Abrothecary Bone Broth

All About Bone Broth!


Nutrition Corner Mallory

Submit your question to our Nutrition Liaison, Mallory!

MCFM Nutrition Liaison: Bone broth is an excellent way to extend your dollar. Boiling bones renders nutrients from the bone that you would otherwise not have access to. When boiling bones, you soften the bone and allow the release of several minerals including calcium, phosphorus, magnesium, and sulfur. In addition, boiling bones breaks down collagen and produces chondroitin sulphate and glucosamine, two compounds involved in cartilage generation. Some research suggests that consuming chondroitin sulphate and glucosamine can promote healthy joints, however research is still inconclusive. Finally, boiling bones releases gelatin which is a good source of protein. Regarding the current hype that bone broth is a cure all, unfortunately there is currently no scientific evidence supporting these claims. However, bone broth is a wonderful addition to a balanced diet. In my opinion, the primary benefit of bone broth is its cost effectiveness. By using the remaining bones from chicken, fish, or beef, you get more nutrients out of your purchase. 

Remember, often foods that are hyped as the “save all” are not based in science. What science tells us time and time again is that health doesn’t come from one magical food, but from a well balanced diet full of a variety of whole foods. 

I would not recommend purchasing bone broth from a grocery store. Often times manufactured broths or stocks are supplemented with salt, MSG, and powdered spices that resemble the flavor of broths. Luckily, we have a wonderful vendor at the market who makes 100% real bone broth! So if you are looking for the real stuff visit the Abrothecary booth on your next visit!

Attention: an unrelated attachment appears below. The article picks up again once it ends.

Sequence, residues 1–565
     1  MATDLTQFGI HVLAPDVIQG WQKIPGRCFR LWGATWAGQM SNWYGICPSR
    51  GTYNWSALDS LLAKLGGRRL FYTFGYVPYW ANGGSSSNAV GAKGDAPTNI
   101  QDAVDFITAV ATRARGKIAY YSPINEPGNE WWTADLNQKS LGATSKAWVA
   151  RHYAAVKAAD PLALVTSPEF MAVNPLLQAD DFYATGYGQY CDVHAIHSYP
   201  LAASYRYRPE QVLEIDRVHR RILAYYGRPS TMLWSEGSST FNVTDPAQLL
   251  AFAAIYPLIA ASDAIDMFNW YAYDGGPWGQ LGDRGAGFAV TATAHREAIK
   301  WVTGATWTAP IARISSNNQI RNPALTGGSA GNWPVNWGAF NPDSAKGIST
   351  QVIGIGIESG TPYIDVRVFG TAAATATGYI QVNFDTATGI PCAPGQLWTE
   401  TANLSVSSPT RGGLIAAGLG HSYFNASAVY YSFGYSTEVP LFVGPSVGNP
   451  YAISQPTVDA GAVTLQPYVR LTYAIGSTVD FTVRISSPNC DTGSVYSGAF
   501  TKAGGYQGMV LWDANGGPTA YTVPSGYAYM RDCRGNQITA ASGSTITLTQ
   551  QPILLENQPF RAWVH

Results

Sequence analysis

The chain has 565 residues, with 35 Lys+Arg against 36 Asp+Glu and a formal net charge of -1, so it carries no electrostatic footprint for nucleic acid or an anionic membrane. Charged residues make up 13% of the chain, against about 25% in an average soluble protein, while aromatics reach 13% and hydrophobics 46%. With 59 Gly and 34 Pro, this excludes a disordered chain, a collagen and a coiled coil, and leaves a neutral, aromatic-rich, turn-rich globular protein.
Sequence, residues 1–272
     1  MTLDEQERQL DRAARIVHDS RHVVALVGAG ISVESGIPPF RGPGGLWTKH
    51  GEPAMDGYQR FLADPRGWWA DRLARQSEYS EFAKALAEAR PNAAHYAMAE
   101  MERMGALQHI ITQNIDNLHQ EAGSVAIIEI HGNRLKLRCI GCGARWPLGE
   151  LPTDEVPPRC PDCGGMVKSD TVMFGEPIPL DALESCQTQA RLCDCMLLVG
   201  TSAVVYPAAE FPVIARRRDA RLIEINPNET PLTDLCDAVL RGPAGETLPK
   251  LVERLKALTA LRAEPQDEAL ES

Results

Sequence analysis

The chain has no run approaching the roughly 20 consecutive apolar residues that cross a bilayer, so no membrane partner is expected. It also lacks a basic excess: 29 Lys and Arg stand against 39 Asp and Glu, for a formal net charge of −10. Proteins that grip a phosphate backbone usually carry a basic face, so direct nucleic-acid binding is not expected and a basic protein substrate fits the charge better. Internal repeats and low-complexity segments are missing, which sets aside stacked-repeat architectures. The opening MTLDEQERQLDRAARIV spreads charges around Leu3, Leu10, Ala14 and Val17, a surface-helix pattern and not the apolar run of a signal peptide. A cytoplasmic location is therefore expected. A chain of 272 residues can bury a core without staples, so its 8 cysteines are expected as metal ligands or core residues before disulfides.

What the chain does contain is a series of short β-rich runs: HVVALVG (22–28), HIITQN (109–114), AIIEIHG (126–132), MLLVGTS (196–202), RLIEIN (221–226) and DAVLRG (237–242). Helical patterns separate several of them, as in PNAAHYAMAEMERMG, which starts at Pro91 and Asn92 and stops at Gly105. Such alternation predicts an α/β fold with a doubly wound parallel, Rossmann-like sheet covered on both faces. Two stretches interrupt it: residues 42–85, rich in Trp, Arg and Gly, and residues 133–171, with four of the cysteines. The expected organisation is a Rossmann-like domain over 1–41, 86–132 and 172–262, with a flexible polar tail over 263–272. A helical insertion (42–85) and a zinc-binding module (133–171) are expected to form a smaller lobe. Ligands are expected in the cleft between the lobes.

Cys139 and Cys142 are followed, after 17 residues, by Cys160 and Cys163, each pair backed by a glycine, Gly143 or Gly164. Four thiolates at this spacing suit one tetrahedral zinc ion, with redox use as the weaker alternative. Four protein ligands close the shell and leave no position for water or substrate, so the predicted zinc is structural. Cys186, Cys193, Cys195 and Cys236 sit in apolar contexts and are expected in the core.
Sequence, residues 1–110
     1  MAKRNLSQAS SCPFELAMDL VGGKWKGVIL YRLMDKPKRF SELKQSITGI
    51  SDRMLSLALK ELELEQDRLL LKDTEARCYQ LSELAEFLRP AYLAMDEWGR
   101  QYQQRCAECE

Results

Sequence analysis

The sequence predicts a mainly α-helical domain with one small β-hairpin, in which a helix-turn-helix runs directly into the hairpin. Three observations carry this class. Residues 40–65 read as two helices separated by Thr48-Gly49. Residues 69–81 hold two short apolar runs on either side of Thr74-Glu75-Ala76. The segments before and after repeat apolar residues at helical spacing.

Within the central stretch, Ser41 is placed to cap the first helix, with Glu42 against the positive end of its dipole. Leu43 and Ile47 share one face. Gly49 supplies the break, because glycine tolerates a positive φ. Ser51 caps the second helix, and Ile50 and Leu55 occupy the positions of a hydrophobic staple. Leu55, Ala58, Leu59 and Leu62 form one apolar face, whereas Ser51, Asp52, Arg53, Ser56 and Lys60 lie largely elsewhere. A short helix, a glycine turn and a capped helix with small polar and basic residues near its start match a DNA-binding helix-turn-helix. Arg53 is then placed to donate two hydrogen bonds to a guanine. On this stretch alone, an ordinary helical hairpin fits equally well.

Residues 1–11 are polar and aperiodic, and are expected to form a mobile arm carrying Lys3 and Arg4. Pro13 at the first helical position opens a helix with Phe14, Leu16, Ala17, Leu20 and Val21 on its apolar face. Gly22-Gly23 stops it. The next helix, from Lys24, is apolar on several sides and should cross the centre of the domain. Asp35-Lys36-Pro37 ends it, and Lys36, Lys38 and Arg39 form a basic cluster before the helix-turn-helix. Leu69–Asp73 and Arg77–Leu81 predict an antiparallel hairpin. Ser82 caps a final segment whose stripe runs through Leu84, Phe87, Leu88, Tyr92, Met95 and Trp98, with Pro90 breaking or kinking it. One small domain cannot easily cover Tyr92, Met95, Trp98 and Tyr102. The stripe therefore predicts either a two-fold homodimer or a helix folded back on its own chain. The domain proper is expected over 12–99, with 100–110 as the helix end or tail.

If you want to make your own bone broth, below is an outline of a basic recipe for bone broth. There are many different recipes out there depending on what bones you have or what flavors you prefer. Try some out and find your favorite!

Bone Broth Recipe:

  1. Take the remaining bones, discarded meat scraps, or tough meat pieces and place them on a pan (feet and heads may also be added) 
  2. Add finely chopped vegetables of choice to the pan (1 onions, 3 carrots, 5 celery stalks, you can be creative with the veggies you add)
  3. Roast the bones and vegetables at 450C for 20-30 minutes
  4. Add the contents of the pan to pot of cold water (16 cups) ensure that the bones and vegetables are fully submerged in the liquid
  5. 1/4-1/2 cup vinegar will help extract more calcium from the bone. 
  6. Bring to a boil, then reduce to simmer with a lid. 
  7. Simmer between 5-24 hours depending on the bones (general rule of thumb: beef stock takes 12-24 hours, chicken stock takes 6-8 hours, fish stock takes 4-6 hours, however you can leave all the stocks for up to 24 hours and it will be fine.)
  8. Add spices of choice ten minutes before you wish to remove stock from heat (parsley, thyme, bay leaves, etc.)
  9. Strain off the broth and place in the fridge, fat will rise to the top and congeal, you can then remove the fat layer with a spoon. 
  10. Store stock in the fridge or freezer. 

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